The walls were patched or re-plastered. The false ceiling track had been attached by blasting nails into the cement rendered walls which blew out the render.

Now for the painting. Was this crazy colour scheme going to work?

Following the painting, the construction of the desks and timber paneling between the west window was done by Chris and Aaron. They are a solid timber frame with silver ash lining boards.

The inside of the desks are panelled in silver ash plywood and varnished black. This was achieved by mixing ebony timber stain with sanding sealer to a ratio of 1:1. This is lightly sanded and then finished with a satin polyurethane. The rest of the timber was finished with Danish oil. The desk tops were made from the chipboard doors from the previous fit out and laminated with silver ash plywood and also finished in Danish oil. The front edge has a solid silver ash edge dowelled into the chipboard. The solid silver ash tops are inlaid with orange glass.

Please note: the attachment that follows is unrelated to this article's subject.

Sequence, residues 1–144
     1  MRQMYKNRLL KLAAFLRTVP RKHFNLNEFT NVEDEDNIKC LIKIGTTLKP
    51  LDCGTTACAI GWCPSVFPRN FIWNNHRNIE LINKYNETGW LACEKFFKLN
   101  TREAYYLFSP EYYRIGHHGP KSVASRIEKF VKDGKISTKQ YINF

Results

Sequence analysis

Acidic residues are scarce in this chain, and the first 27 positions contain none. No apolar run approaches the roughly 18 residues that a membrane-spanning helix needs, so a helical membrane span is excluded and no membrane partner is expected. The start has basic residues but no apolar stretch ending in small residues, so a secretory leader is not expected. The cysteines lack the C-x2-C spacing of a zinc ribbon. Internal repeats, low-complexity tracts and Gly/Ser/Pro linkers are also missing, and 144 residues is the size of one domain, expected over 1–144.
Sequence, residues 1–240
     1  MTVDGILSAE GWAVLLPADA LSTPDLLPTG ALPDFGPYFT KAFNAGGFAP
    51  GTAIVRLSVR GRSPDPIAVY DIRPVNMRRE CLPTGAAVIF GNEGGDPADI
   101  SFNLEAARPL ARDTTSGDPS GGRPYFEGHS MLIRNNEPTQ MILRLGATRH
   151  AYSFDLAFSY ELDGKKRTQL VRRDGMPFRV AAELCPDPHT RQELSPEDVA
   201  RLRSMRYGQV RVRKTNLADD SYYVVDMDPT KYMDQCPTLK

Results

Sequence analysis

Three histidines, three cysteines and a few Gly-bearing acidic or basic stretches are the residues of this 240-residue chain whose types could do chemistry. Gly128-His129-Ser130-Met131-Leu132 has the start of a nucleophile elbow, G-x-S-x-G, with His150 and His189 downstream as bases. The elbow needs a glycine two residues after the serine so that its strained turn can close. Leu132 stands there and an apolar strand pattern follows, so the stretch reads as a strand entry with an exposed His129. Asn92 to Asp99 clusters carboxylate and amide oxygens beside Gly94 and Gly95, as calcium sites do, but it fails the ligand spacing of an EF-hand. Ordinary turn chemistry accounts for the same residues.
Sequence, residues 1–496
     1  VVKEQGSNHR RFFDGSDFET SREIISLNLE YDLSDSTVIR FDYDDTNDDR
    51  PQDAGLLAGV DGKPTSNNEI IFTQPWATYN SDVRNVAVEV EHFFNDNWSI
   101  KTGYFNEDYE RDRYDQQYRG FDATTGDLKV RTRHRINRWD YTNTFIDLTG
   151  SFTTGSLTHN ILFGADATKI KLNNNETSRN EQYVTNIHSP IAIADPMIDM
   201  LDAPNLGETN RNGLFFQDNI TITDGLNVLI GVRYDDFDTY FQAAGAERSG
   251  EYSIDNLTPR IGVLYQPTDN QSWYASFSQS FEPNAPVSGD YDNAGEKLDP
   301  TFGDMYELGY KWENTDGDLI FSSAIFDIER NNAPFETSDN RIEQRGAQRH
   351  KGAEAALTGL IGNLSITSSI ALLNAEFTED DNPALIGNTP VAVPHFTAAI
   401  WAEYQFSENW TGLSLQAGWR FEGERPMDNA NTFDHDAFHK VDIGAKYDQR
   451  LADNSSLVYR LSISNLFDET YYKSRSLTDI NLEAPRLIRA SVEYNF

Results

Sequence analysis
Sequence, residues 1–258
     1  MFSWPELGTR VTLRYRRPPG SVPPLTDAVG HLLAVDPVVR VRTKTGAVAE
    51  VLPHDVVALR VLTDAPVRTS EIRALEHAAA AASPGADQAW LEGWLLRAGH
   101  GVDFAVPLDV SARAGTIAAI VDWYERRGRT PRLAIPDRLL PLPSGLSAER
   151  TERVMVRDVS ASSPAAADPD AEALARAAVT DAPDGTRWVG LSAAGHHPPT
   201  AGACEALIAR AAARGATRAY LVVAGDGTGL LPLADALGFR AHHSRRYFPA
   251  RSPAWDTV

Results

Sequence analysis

The floor was described as being black and surf green Lino tiles. We decided to use carpet tiles to give easy access to the data cable channels in the floor. We did source surf green carpet tiles but they were 3 x the price of the grey tiles and our budget could not stretch this far. You have to pick your battles!

What an amazing space. The high ceiling and generous floor area. The light and cross ventilation. The building predates air-conditioning. As a result the passive design was well considered. The thermal mass of the masonry, the high louvers and upper floor to release the heat make for a really comfortable building in summer.

When we first read about the colours we thought that it might be kitch or over powering. The effect is very stylish and calming. We call these colours just right. Not too strong in hue, not too pastel, not too grey or drab, not too obvious.

Just right.